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Wednesday, November 29, 2006

A Doxastic Analogue of Curry's Paradox

Consider for a moment the the following proposition (or propositional schema, to be more precise):

(1) If [Insert your name here] believes (1) is true, [Insert your name here] believes every proposition is true.

To make things easier, I'll consider the paradox in my own case. Thus, I consider the following proposition:

(1') If Jason Zarri believes (1') is true, Jason Zarri believes every proposition is true.

So, I ask myself, do I believe (1')? Well, its truth-conditions are that, if I believe it is true, I believe every proposition is true. So if I believe (1') is true, I believe every proposition is true. But I'm pretty confident that I don't believe every proposition is true. I don't believe that the universe is less than five minutes old, for example. So I conclude (safely, so it seems) that I don't believe (1'). But wait a moment: In asserting what I just did, in the statement beginning "So if I believe (1')..." I asserted my belief in the truth of (1'), because the fact that if I believe (1') then I believe everything is precisely what (1') asserts! So it seems I do believe (1') after all. But, so I continue, if I believe (1'), and if I believe the antecdent of (1') -- both of which I have established-- then I am committed to believing the consequent of (1'), namely, that I believe every proposition is true! Thus it appears that, reasoning from fairly innocuous premises and rules of inference, I've reasoned myself into being a trivialist. And yet I remain certain--perhaps obstinately so--that I am not a trivialist: I don't believe everything is true, and if some demonstration purports to show that I do, then something is seriously wrong with it. The question is, then, what?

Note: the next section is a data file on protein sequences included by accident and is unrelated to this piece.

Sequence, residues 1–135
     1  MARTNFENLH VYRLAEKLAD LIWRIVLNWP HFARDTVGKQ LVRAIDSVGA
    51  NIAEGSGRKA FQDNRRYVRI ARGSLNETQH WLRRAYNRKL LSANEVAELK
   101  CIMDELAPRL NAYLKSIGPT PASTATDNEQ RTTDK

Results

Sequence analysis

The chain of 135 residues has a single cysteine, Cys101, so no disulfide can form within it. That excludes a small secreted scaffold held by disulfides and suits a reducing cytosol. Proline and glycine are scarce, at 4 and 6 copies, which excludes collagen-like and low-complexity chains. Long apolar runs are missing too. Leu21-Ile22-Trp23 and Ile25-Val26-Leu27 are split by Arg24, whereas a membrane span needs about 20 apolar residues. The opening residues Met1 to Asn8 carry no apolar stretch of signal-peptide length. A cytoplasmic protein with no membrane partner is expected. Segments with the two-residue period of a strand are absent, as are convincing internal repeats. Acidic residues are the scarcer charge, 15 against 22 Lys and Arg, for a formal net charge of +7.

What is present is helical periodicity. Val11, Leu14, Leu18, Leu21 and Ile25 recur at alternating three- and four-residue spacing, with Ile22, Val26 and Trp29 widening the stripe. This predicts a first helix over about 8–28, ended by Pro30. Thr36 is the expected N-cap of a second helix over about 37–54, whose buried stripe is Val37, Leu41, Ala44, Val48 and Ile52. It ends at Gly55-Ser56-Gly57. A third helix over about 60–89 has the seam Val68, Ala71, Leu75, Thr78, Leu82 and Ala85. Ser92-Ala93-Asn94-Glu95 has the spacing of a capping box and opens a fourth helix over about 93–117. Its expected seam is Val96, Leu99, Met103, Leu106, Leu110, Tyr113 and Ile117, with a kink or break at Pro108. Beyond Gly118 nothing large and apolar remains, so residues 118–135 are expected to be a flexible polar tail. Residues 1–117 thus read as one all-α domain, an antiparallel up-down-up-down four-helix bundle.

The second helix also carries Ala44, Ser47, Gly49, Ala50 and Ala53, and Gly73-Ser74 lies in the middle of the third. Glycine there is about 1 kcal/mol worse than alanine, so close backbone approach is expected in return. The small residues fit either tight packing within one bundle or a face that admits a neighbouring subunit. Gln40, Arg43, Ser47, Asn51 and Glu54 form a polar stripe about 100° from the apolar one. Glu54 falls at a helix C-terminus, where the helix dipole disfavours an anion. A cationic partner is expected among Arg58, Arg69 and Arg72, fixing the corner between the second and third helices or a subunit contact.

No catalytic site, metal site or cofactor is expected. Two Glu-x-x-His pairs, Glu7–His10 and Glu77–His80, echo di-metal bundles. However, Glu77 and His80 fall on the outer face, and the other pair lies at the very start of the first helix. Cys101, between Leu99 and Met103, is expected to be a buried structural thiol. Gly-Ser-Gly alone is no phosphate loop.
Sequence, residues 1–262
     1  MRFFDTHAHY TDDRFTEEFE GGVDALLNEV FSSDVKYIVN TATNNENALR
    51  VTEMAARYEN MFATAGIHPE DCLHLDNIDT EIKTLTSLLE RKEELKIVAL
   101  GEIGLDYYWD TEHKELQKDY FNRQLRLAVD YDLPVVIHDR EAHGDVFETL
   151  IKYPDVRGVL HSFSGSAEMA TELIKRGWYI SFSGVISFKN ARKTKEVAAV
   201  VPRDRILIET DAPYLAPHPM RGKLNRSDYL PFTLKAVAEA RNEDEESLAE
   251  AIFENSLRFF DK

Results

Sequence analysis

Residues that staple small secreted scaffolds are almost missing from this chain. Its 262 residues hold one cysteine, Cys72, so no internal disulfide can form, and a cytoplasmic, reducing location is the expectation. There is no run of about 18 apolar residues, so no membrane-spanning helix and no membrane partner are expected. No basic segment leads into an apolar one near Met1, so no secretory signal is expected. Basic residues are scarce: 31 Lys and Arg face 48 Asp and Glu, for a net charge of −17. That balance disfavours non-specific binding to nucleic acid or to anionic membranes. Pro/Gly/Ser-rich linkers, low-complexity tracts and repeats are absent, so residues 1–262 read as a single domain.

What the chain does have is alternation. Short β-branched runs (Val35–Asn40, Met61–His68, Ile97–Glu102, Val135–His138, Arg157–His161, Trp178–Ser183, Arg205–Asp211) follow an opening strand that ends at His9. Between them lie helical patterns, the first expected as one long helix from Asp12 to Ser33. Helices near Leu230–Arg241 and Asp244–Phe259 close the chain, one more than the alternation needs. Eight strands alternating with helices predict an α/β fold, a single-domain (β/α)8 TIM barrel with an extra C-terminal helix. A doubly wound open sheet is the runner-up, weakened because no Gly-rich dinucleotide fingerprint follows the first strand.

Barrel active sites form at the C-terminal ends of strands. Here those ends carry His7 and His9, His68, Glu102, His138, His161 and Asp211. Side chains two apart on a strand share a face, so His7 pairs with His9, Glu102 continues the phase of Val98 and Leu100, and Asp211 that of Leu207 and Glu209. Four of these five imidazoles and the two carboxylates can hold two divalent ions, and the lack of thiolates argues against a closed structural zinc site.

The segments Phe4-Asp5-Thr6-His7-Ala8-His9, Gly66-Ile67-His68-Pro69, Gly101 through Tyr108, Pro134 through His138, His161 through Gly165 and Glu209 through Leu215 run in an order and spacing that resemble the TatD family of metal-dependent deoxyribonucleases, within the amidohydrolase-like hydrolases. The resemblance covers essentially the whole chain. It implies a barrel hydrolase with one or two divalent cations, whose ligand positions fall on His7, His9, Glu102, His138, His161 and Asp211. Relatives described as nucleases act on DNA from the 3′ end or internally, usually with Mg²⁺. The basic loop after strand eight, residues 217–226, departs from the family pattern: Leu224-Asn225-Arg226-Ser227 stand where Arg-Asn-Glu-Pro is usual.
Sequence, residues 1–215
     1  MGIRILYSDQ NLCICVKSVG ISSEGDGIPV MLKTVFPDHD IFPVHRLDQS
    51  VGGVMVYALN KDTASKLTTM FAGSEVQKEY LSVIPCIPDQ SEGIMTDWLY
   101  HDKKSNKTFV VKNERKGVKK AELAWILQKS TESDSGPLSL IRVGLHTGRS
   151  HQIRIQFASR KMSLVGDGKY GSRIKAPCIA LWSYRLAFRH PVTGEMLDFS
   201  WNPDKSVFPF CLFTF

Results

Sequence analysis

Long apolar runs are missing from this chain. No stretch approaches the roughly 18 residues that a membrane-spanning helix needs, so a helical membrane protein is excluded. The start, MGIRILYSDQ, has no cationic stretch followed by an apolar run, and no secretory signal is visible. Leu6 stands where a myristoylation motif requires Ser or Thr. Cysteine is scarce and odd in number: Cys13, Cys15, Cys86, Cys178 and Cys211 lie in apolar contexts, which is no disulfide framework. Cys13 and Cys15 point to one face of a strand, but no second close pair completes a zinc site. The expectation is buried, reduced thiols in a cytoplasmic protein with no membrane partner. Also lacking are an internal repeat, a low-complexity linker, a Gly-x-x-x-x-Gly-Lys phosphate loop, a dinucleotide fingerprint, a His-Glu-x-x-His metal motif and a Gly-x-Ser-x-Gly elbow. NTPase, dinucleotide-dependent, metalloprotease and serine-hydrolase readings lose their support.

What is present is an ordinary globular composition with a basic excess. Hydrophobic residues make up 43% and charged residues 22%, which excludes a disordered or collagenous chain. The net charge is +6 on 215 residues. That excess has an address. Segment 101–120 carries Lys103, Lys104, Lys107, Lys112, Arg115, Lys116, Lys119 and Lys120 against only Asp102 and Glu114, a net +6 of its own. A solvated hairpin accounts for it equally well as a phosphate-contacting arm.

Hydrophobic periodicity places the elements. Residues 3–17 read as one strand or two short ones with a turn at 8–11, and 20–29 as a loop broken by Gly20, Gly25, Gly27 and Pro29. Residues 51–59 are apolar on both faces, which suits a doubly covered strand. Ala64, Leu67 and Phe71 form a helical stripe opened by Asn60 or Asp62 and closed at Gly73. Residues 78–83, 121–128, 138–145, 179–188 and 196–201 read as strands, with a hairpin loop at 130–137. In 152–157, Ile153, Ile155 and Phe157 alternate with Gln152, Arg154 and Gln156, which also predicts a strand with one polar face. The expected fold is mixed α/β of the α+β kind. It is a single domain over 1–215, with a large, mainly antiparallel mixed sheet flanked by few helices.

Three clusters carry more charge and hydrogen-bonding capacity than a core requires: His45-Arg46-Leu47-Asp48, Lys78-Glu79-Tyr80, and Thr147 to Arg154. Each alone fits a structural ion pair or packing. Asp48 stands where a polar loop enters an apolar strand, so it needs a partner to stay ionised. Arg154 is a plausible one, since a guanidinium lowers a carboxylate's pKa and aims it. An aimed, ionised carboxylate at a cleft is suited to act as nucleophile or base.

1 comment:

LauLuna said...


The following term has no referent: "the proposition expressed by (1*)" in:

(1*) if Curry believes the proposition expressed by (1*), then Curry believes all propositions

it has no referent, because no proposition refers to itself.

Thus (1*) expresses no proposition.

Let Q be a quantified expression, in the sense of generalized quantifiers; then Q does not quantify over Q's intension (Frege's 'Sinn'). If 's(Q)' denotes Q's Sinn and 'x(Q)' denotes the universe of discourse over which Q's quantifiers range, we can state:

(Q) ~s(Q) e x(Q)

where 'e' is the set membership relation.

I'd say that (Q), when properly used, disposes of this and other paradoxes.